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  1. #21
    Senior Member Playapixie's Avatar
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    May 2014
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    Seattle, WA USA
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    Blackbird,HH Hyperlite, Kammok Roo
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    Thanks for that heads-up on top quilt width. I see they have a wider version...that makes sense.

  2. #22
    Senior Member hangnout's Avatar
    Join Date
    Nov 2006
    Location
    Monterey, TN
    Hammock
    DIY Bridge
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    Leigh's UQ's
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    Quote Originally Posted by hutzelbein View Post
    When I got into hammocks, I tried different types of insulation. I started with pads, which I already owned, but which were comparatively heavy, moved around in the hammock, didn't keep my shoulders warm, and had condensation issues (some more, some less). I got an IX underquilt next, because it was so much cheaper than a down underquilt. I found that it was pretty bulky and heavy for the little warmth it delivered. So I ended up getting a down underquilt. Yes, I had to learn to set it up properly, but compared to the other methods I tried, it was lighter, smaller and kept me a lot warmer. This was 4 years ago. My new HG Incubator I bought this year came with an almost fool-proof (although I can only talk about myself ) secondary suspension, which has made setting it up properly very easy. To a newbie who isn't on a super tight budget, I would definitely recommend going with a proper underquilt right away - especially if the newbie is a cold(er) sleeper. Why spend $139 now, only to upgrade to an underquilt a year later? I think there are better places to save money. For me, nothing spoils an otherwise good night more than being cold... Up to now, keeping the underquilt dry hasn't been a big issue for me, but I have never been to the US Westcoast.
    Why would you need to upgrade? I have some experience with UQ's and would recommend them for all other brands of hammocks but the SuperShelter is an option for the HH hanger. A FL UQ with undercover will weigh and cost up to twice as much. They both will keep you warm in the temps the OP will be hiking in. You can spend $139 be warm and lighter or spend twice as much and be warm, heavier, and part of the cool crowd

    I agree with your observations on regular pads and the IX quilts but the Hennessey Hammock user does have an alternative that can't just be automatically put in the "pad" category.

    Just trying to show that you can be warm and light without breaking the bank, I am going to grab my UL underquilt and go hang for awhile now.
    Last edited by hangnout; 05-13-2014 at 17:30.

  3. #23
    hutzelbein's Avatar
    Join Date
    May 2010
    Location
    Germany
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    WBBB SL 1.7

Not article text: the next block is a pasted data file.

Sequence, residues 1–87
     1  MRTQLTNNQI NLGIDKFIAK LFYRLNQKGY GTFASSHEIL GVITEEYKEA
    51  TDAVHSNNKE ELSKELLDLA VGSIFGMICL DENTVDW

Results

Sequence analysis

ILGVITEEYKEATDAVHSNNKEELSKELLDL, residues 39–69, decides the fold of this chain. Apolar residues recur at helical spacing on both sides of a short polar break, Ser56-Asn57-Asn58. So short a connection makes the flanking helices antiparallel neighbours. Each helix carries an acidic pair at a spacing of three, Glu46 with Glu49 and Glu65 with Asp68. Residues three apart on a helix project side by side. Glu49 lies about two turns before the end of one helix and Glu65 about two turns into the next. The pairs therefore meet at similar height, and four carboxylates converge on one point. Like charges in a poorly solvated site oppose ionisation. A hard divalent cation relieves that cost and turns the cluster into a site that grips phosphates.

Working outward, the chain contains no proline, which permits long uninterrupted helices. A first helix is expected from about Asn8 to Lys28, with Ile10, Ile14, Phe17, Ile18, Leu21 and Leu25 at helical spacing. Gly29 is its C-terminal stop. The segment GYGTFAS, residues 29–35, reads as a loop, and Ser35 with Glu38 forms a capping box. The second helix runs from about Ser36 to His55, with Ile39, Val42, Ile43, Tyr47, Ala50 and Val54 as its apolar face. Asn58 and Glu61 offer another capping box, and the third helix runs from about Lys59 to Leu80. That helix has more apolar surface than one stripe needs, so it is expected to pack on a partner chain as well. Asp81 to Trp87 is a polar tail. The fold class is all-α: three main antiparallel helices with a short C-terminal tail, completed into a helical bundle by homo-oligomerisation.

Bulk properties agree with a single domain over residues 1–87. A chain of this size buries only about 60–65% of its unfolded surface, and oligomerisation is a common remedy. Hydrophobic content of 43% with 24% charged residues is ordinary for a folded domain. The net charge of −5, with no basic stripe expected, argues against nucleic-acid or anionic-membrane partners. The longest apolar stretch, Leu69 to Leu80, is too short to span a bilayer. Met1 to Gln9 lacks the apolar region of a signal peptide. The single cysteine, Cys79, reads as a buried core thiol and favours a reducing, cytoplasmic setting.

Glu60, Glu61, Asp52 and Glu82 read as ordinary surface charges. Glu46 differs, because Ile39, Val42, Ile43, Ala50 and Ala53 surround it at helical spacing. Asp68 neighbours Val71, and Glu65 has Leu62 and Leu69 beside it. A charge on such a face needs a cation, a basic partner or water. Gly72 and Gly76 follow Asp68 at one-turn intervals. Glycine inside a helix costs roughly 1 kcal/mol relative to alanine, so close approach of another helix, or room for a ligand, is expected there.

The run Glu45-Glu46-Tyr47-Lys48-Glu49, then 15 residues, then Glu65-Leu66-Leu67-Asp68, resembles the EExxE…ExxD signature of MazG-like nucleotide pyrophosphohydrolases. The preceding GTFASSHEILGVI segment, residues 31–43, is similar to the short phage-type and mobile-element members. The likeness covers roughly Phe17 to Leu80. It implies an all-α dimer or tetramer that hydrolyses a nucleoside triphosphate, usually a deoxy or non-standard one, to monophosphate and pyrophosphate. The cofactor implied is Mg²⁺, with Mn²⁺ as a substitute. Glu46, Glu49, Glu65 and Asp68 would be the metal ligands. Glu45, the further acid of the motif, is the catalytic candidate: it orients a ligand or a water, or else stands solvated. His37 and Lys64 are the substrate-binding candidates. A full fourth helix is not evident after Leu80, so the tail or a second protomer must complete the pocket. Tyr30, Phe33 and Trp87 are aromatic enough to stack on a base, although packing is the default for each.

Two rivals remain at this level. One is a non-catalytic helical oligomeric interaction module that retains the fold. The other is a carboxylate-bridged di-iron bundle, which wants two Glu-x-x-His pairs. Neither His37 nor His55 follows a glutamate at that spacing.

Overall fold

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    WB Mamajamba
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    WB 0 Wooki +3oz
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    Beetle Buckles
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    Quote Originally Posted by hangnout View Post
    Why would you need to upgrade? I have some experience with UQ's and would recommend them for all other brands of hammocks but the SuperShelter is an option for the HH hanger. A FL UQ with undercover will weigh and cost up to twice as much. They both will keep you warm in the temps the OP will be hiking in. You can spend $139 be warm and lighter or spend twice as much and be warm, heavier, and part of the cool crowd

    I agree with your observations on regular pads and the IX quilts but the Hennessey Hammock user does have an alternative that can't just be automatically put in the "pad" category.

    Just trying to show that you can be warm and light without breaking the bank, I am going to grab my UL underquilt and go hang for awhile now.
    Correct me if I'm wrong, but isn't the Supershelter basically a kind of underquilt protector plus a rather thin pad (even if it is used under the hammock)?

    I have to admit that I have never had the chance to use the Supershelter, but I'm still pretty sure that for me (female and cold sleeper) it probably wouldn't work to anywhere near to the temperatures the OP suggested. The only insulation that has worked reliably for me is down.

    If the OP was male and would sleep warm, I would not have objected to your suggestion. I have found that most guys I know don't think anything about sleeping with insulation (be it blankets, sleeping bags or pads) that I would not even be able to use in summer without feeling cold... For a female who is a cold sleeper, I stick with my suggestion to go with an underquilt from the start and avoid possible frustrations. Unless the OP would have the chance to try another system before buying (group hang?).